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Nivk 08-01-2011 06:41 PM

Refinishing Painted Hardwood Floors
I'm looking for advice on refinishing my floors. I tore out the carpets last weekend and was fully prepared to install a laminate floor, but the wood was in better shape than I would have expected (the house is over 100 y.o.). So, now I'm thinking of renting a drum sander and refinishing them all. This may be a harebrained scheme... but the floors were so awful before I don't think I can make them any worse.

However, a 2 ft perimeter of the living room and all of the upstairs rooms had been painted. I checked the paint for lead and it is lead free, but I am unsure if I can sand it directly or if I need to strip it first. I'm hoping I can just sand and avoid stripping.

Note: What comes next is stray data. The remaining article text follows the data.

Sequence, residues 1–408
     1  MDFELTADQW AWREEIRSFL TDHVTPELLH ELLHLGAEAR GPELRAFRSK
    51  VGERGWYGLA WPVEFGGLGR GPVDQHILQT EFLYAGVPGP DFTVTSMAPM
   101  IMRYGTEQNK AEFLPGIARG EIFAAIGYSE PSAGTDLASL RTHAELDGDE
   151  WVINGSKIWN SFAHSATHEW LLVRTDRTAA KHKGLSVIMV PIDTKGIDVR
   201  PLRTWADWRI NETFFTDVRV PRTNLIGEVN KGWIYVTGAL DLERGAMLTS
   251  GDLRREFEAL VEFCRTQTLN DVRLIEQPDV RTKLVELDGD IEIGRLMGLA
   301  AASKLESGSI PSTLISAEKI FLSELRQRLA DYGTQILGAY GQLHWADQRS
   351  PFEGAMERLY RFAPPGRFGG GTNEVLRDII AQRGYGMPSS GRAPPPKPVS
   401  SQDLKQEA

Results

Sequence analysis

Also, I know its a long way off, but what are some recommended finishing products? I've seen mixed reviews of the Varthane water based polyurethane that they sell at the local Lowes. I probably won't stain. I just want a clear poly finish.

Thanks for any advice!

oh'mike 08-01-2011 08:33 PM

A couple of thoughts----what kind of wood--100 year old houses frequently used Fir (pine) for upper floors.

The lead check--did you scrape down to bottom layers? A floor finisher friend got a bit of lead poisoning while sanding an old painted floor---I'd be sure to wear a very good respirator for that job.

No stripping is required--you will eat up a lot of paper----

Before you decide to DIY this job--check with a couple of floor finishers--the price to have it done may be much lower than you think.---Mike---